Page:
A big win for big cats
Passage of the Big Cat Public Safety Act is a perfect tribute to 2022’s Year of the Tiger
After years of campaigning by big cat activists, the Big Cat Public Safety Act (BCPSA) was finally passed by Congress. The U.S. House of Representatives originally passed the bill on July 29, 2022. And then in a true display of bipartisan support, the U.S. Senate unanimously passed the BCPSA on December 6, 2022. The bill will now need to be signed into law by President Biden, who has shown support for it.
The private ownership of big cats is a huge animal welfare and human safety issue. Between 5,000 – 10,000 big cats are estimated to be in private ownership in the U.S.1 However, the actual number is unknown, as there is no comprehensive federal regulatory system in place documenting the number of big cats nor the incidents that occur between big cats and humans.
Lion Kimba at our LIONSROCK Big Cat Sanctuary in South Africa
FOUR PAWS and other animal advocacy groups have been pushing for greater protection for big cats in captivity for years, and passage of the BCPSA is a huge step forward for both big cats and the public. The Act will require private owners to register the animals they already have, while prohibiting them from breeding, selling, or acquiring more animals. It will stop the mass breeding of lions, tigers, and other big cats by banning direct contact between the public and big cats, which will put an end to the incredibly cruel “cub petting” operations throughout the U.S. In 2022, FOUR PAWS USA, in collaboration with NYU, published new research revealing the dire consequences of "cub-petting” and its incredibly harmful impacts on big cats.
“For years, FOUR PAWS has been working to end the global exploitation of big cats, which includes investigating the use of big cats in entertainment and the commercial trade of live big cats and their body parts around the world,” said Danika Oriol-Morway, Executive Director of FOUR PAWS in the U.S. “As longtime advocates for the BCPSA, we are thrilled to see the U.S. finally take responsibility for its own big cat crisis,” says Oriol-Morway.
The BCPSA was sponsored by Senator Richard Blumenthal, D-Conn., Senator Susan Collins, R-Maine, Representative Michael Quigley, D-Ill., and Representative Brian Fitzpatrick, R-Pa. It is a rare instance in our current polarized political climate when congresspeople work together across the aisle, but animals have the power to unite us. It is encouraging to see that issues of animal welfare are important to people across the political spectrum.
Senator Collins, the Republican sponsor from Maine said, “Big cats like lions, tigers, and cheetahs belong in their natural habitats, not in the hands of private owners where they are too often subject to cruelty or improper care. Our legislation will prohibit the private ownership of big cats, which threatens the safety of the animals and the public and harms conservation efforts. I am pleased that our colleagues supported our bipartisan effort to improve the welfare of animals.”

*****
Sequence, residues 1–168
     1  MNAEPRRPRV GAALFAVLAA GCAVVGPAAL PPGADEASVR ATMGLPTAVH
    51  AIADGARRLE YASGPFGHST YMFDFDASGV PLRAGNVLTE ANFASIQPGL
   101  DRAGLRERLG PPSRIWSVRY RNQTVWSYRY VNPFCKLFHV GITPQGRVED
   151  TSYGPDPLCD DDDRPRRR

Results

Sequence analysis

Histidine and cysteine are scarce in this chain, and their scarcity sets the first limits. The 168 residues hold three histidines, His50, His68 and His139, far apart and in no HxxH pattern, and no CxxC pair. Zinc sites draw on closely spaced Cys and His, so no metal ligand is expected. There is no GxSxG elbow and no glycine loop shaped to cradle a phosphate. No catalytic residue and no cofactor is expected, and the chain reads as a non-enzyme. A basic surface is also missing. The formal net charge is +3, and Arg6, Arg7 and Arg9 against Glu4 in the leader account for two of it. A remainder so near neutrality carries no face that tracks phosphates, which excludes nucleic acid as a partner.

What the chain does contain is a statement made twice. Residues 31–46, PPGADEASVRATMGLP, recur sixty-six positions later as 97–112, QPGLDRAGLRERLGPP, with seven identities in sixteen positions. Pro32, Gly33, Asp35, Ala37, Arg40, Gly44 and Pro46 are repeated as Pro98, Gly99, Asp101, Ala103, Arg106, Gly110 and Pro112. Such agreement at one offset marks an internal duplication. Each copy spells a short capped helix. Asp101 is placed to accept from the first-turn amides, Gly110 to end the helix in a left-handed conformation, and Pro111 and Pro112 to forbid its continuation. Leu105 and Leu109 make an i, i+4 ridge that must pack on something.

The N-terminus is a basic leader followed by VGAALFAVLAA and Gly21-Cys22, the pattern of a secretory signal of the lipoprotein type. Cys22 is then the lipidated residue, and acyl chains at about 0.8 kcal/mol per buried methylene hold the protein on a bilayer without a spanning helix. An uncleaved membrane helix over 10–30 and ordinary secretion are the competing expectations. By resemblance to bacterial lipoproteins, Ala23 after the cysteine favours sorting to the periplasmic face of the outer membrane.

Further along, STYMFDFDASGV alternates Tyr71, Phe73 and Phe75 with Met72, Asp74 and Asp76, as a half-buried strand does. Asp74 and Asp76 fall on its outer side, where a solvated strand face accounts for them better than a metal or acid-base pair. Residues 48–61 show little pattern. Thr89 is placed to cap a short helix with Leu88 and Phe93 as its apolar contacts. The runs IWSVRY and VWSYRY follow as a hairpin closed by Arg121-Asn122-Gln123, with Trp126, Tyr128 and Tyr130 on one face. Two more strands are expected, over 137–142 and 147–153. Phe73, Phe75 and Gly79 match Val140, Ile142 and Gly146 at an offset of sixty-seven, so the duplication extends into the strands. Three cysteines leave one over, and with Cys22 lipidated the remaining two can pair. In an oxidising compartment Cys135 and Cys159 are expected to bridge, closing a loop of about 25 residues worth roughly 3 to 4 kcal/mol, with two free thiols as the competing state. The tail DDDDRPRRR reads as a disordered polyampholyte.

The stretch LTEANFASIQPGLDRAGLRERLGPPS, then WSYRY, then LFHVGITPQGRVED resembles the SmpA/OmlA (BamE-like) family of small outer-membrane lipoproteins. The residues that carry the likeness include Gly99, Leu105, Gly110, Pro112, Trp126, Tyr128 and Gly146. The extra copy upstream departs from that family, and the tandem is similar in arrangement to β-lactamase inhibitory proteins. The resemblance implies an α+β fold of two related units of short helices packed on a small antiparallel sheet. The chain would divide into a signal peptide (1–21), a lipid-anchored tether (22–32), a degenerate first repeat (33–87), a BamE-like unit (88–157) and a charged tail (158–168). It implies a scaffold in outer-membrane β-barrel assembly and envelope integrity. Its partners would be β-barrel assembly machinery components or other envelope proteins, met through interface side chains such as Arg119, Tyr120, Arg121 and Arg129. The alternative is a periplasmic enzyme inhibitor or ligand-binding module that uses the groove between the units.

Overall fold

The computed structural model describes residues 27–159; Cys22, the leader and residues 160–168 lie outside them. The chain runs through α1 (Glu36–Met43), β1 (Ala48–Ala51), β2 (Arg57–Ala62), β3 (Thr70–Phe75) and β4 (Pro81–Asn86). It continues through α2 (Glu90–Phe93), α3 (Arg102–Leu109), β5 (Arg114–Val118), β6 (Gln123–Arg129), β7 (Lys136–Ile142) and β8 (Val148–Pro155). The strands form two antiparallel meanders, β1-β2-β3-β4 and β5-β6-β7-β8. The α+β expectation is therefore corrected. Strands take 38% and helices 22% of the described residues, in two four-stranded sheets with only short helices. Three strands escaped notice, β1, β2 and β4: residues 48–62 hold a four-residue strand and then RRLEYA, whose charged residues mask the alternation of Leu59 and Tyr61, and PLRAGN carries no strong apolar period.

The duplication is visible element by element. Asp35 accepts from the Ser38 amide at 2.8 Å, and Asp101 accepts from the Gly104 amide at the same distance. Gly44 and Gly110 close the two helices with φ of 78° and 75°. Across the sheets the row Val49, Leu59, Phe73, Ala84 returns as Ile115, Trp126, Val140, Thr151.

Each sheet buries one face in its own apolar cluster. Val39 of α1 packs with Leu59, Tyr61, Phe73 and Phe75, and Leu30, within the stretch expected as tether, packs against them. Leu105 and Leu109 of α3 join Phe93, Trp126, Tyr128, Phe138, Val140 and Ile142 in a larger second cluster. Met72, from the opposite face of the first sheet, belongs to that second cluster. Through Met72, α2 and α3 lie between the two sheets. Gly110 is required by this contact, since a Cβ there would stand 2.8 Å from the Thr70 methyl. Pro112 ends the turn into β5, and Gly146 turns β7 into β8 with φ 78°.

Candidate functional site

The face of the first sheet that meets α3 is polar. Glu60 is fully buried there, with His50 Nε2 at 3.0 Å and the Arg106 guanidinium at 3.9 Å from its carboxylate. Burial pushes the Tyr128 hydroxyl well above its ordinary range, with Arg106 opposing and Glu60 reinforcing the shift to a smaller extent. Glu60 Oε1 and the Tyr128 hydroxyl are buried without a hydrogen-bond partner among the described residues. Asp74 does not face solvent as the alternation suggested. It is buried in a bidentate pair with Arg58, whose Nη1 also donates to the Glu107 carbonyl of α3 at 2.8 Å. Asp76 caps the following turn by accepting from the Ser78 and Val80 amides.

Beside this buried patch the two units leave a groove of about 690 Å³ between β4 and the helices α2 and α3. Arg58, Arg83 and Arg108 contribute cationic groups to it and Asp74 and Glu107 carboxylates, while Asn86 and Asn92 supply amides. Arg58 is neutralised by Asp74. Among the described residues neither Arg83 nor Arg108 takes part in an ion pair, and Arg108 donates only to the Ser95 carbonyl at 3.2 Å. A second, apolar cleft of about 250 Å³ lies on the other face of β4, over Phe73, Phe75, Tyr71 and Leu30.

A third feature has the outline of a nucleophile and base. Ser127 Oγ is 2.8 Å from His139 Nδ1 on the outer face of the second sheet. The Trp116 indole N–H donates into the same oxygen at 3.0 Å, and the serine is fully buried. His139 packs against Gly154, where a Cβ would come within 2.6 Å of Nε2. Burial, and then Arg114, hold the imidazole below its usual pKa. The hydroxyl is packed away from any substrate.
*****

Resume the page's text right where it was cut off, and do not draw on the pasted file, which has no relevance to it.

Senator Richard Blumenthal, the Democratic sponsor from Connecticut said, “The Big Cat Public Safety Act will end the horrific exploitation of big cats and bolster public safety. These beautiful but powerful predators deserve to live in the wild, not be kept in captivity for people’s entertainment—even as cubs. I’m thrilled that, after a groundswell of public and bipartisan support, this bill I’ve long advocated for will become law.”
Tiger Shevar at LIONSROCK Big Cat Sanctuary in South Africa
Netflix’s shocking documentary series, “The Tiger King” shed a spotlight on the cruel underworld of big cat exploitation in the US. In substandard zoos and backyards across the country, big cats live in deplorable and unsafe conditions without proper veterinary care, nutrition, and enrichment. The demand for big cats as exotic pets, the use of cubs for petting displays and photo opportunities, and the lucrative trade in their pelts and body parts provide dangerous incentives for their continued exploitation. When things go wrong, law enforcement officers and other first responders are put in harm's way to protect the general public and the animals.
Until now, state laws were responsible for regulating the ownership of big cats, and the laws varied wildly from one state to the next. The passage of this new federal law will ban the private ownership of big cats across all 50 states, and it will end the exploitation of tigers, lions, leopards, jaguars, and other captive big cats across the country.
Lion Ivan at LIONSROCK Big Cat Sanctuary in South Africa
At FOUR PAWS, we have rescued big cats from exploitation around the world and have given them permanent homes at our species appropriate sanctuaries.
LIONSROCK Big Cat Sanctuary
Located in Bethlehem, South Africa, LIONSROCK Big Cat Sanctuary sprawls over 3,000 acres of beautiful grasslands, hills, and plains. It is home to over 100 rescued animals, most of whom are big cats saved from war-ravaged zoos, circuses, private ownership, and the canned hunting industry.
FELIDA Big Cat Sanctuary
At FELIDA Big Cat Sanctuary, located in the Netherlands, we offer specialized and intensive care to traumatized big cats.
Lion Bobby at FELIDA Big Cat Sanctuary in the Netherlands
TIERART Wild Animal Sanctuary
TIERART Wild Animal Sanctuary, located in western Germany, is home to many different species of animals, from foxes to tigers, and encompasses an area of 35 acres.
Tiger Cara at TIERART Wild Animal Sanctuary in Germany